Thursday, January 7, 2021

 Segments 1, 2 and 3 on the Colorado Trail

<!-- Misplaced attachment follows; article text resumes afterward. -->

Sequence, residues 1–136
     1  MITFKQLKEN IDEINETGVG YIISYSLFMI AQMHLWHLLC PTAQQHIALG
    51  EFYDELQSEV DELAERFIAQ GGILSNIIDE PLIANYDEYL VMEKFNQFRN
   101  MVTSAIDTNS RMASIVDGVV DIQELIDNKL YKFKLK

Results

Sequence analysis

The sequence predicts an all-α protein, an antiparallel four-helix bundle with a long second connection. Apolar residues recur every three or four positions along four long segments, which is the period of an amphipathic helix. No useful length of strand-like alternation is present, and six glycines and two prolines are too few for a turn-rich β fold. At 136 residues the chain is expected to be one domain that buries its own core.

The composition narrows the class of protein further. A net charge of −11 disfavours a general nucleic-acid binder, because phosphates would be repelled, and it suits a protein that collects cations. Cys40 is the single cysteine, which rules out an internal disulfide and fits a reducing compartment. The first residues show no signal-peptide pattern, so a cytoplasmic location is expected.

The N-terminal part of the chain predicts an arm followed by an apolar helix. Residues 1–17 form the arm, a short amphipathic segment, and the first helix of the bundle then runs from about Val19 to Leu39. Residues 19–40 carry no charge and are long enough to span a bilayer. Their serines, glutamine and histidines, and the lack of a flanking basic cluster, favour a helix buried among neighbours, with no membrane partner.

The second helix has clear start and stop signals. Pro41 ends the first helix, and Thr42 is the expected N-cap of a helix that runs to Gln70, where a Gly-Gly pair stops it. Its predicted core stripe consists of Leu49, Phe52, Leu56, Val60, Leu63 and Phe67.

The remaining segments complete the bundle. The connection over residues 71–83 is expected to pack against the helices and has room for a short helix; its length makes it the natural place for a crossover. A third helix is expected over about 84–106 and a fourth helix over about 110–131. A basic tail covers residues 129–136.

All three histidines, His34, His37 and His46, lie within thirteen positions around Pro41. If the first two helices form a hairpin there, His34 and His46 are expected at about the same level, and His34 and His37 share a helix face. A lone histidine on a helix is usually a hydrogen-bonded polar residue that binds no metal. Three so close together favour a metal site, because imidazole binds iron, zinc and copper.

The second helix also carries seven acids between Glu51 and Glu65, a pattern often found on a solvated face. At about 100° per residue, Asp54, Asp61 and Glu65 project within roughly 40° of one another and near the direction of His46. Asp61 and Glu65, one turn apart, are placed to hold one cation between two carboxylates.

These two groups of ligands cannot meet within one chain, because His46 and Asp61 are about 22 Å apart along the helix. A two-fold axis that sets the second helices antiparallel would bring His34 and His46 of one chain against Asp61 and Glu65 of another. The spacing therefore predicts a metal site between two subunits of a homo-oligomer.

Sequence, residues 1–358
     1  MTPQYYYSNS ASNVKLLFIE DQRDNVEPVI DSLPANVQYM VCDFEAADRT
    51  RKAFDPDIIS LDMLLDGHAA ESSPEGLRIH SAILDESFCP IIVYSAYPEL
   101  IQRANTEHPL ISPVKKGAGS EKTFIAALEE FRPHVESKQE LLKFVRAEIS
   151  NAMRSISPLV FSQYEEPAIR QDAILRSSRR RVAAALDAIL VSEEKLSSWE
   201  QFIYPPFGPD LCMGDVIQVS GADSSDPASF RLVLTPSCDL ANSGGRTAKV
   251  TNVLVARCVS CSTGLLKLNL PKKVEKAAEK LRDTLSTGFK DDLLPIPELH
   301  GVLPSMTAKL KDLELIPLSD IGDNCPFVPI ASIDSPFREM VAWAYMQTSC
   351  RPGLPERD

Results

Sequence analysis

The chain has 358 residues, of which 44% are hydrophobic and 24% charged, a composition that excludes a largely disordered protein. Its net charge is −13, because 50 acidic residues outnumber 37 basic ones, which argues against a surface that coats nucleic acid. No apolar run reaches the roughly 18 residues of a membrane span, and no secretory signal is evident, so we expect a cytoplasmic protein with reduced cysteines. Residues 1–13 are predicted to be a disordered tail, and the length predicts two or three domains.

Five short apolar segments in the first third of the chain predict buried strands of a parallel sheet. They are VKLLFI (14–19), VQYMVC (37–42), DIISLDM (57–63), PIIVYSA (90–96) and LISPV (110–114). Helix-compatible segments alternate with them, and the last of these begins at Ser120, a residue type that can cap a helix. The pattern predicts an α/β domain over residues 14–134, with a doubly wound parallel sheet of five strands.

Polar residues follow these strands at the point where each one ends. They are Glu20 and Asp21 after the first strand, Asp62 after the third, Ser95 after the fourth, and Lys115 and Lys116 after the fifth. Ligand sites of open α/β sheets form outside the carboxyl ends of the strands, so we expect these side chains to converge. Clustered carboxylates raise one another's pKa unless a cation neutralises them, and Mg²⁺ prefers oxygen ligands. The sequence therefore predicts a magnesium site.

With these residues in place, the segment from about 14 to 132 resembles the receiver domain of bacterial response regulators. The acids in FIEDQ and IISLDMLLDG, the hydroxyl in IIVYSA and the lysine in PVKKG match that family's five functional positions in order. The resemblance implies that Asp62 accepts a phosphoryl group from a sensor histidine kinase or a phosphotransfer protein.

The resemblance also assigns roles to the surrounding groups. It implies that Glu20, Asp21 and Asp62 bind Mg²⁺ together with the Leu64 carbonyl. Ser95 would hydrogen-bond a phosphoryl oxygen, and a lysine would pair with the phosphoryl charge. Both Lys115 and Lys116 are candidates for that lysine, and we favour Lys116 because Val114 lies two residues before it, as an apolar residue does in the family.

This fall I was often meeting up with my friend Jenna to go hiking.  Since she lives south of Denver it was fun to look for new places to go that were a reasonable drive and not too crowded.  We went to Roxborough State Park and very much enjoyed the beauty and the trails there.  On the way to that park I noticed we passed Waterton Canyon which is the northern terminus of the Colorado Trail.  So then we met there to hike the start of the Colordao Trail.  The following week we did segment two and I lost my smurf so Justin kindly went back to help me find it.  So now he also completed segment two and the following week the three of us decided to do all of segment one which was made a little easier since Laurel dropped us off at the trailhead and we hiked back to our cars at the other end.  So now we had the first two segments complete.  This past weekend we did segment 3. So now we have 40 miles of the 567 miles completed.  Next time we are going to try a more efficient method.  Rather than doing the shuttle drop off which can add an hour each way to get from the start trailhead to the end trailhead (and then again at the end of the hike to get the drop off car), my friend and I will start at one end and Justin will start at the other.  Then we will drive the opposite car north to an agreed upon meeting point and I will hop back into our car.  This will save us the shuttle time.  We will hopefully still meet somewhere around the middle to eat lunch together.  We will see how far we get with this method.  At some point we will probably need to to transition to weekend backpacking trips because some of the segments are just too long for a day hike but for now it is a fun little project to chip away at.  Also, because of snowy back roads we will be haulting the project until spring.  But since the hikes are pretty hard with both distance and elevation it should keep me motivated to stay fit throughout the winter in order to be ready to hit the trails again in spring.  Here are the stats so far: